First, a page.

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APA Tackles Design Review (originally posted 7/22/09)

In its July issue of Zoning Practice, the American Planning Associationprovides useful advice for any community considering the adoption of design/architectural standards, especially when a design review board will be involved.

The article, written by James R. Brindell, makes several great points about both the code language used to regulate building design and the way in which design review boards implement those standards.  Notably, Brindell points out that members of design review boards or committees need not only be qualified to make judgments about design, but also to make those judgments in the complex legal context of a quasi-judicial body.  In other words, just being an architect is not enough.  Board members also need to be trained how to make and record legally-defensible judgments.

Interestingly, Brindell seems to throw cold water on the commonly-held belief that design review exists as a kind of distiller for broad, subjective (and easier to write) design standards.  In Brindell’s view, design review by a qualified board does not relieve a jurisdiction of the difficult work of writing clear, objective, measurable standards.

This might lead one to ask, “If the standards still have to be objective, with little room for interpretation, then what’s the point of doing design review at all?  Why not simply write clear, concise, formulaic standards, adherence to which can be determined by a staff planner?”  And this person would have a great point.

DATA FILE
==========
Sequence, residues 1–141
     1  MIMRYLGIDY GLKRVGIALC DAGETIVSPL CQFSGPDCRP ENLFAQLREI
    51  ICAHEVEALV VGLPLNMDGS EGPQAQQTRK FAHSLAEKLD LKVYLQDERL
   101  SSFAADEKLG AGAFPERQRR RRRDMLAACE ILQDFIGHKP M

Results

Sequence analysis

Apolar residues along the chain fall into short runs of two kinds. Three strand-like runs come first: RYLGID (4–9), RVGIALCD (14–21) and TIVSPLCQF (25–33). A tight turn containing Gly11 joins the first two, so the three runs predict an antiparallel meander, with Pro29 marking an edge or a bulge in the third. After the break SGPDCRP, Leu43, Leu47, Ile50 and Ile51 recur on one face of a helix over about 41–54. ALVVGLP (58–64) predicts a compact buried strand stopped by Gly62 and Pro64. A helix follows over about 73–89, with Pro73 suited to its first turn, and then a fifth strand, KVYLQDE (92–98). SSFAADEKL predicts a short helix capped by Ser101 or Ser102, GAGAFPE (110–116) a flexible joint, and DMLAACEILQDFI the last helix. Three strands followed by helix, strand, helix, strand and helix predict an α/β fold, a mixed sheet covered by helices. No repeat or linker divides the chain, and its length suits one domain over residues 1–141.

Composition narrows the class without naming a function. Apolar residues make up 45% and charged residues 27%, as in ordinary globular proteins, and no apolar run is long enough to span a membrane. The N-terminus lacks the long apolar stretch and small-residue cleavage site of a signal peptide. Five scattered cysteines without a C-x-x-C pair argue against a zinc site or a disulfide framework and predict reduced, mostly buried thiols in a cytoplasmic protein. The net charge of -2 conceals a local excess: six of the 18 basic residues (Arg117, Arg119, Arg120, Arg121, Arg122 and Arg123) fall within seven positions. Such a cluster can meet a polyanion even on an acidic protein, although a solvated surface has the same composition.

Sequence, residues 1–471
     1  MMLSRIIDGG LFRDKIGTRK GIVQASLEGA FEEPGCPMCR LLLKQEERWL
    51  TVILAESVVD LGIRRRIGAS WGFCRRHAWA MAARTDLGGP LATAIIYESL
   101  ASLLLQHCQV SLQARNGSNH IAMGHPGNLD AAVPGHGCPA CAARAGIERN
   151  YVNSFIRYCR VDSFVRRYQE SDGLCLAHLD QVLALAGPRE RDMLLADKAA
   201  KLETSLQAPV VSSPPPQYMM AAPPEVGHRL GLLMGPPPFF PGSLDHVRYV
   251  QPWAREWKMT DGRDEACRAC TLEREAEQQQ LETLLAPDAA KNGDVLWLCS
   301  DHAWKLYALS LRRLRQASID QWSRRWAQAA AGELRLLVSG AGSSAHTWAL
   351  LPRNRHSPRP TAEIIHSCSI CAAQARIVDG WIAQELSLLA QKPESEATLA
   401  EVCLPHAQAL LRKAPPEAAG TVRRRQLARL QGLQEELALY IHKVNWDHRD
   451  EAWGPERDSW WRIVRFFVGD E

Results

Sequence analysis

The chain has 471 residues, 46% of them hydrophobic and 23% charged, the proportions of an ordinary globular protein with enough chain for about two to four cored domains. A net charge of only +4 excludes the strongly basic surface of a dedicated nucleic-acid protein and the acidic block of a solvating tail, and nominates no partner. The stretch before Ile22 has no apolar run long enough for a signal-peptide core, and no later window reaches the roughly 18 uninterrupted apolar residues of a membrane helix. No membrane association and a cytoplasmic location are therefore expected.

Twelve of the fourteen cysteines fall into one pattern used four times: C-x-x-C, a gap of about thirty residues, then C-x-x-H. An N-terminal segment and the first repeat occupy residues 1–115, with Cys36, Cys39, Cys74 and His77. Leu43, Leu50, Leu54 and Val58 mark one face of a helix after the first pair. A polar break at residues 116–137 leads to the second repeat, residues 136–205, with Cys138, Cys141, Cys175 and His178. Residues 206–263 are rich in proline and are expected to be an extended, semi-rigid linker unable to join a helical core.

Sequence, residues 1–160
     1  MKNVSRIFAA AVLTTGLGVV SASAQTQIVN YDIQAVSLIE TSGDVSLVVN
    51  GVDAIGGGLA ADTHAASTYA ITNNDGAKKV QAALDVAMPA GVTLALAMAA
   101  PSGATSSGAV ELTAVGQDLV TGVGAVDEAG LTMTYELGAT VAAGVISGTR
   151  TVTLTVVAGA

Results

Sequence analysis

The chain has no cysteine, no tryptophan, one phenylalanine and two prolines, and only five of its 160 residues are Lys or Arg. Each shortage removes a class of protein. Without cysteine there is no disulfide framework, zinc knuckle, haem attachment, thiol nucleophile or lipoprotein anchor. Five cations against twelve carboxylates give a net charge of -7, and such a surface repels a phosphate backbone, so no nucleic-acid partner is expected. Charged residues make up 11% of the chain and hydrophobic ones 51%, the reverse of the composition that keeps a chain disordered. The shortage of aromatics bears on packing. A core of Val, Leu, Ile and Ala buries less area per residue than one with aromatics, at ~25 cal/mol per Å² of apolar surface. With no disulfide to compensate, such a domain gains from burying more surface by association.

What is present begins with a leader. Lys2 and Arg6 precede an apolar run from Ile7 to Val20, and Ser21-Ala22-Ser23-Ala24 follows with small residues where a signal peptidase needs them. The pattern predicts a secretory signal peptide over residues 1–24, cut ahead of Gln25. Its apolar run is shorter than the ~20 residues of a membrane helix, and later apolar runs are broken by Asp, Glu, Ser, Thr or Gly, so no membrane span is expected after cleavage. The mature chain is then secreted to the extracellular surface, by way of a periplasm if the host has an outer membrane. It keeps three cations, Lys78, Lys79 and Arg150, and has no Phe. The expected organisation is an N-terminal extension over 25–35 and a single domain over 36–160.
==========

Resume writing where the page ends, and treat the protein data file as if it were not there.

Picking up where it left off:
With rare exception, Heartland Brick Council advises communities to regulate the most significant components of building design — materials, scaling, facade articulation, roof forms, etc. — with clear, objective language that can be assessed by anyone familiar with development applications and scaled drawings.  In doing so, communities get the greatest possible positive impact without 1) excessively interfering in the design process for private properties, and 2) without the greatly expanded administrative burden that goes along with design review and design review boards, and 3) without slowing the development approval process and costing builders time.  Time, after all, typically costs builders much more than the marginal increase in cost posed by the required design enhancements.

If a community insists on full design review, however, Heartland Brick Council is happy to provide the training to review board members that Brindell recognizes as sorely lacking.  To take advantage of this or any of our free community planning services, please contact me toll free at 866.644.1293

Aaron Steele, AICP

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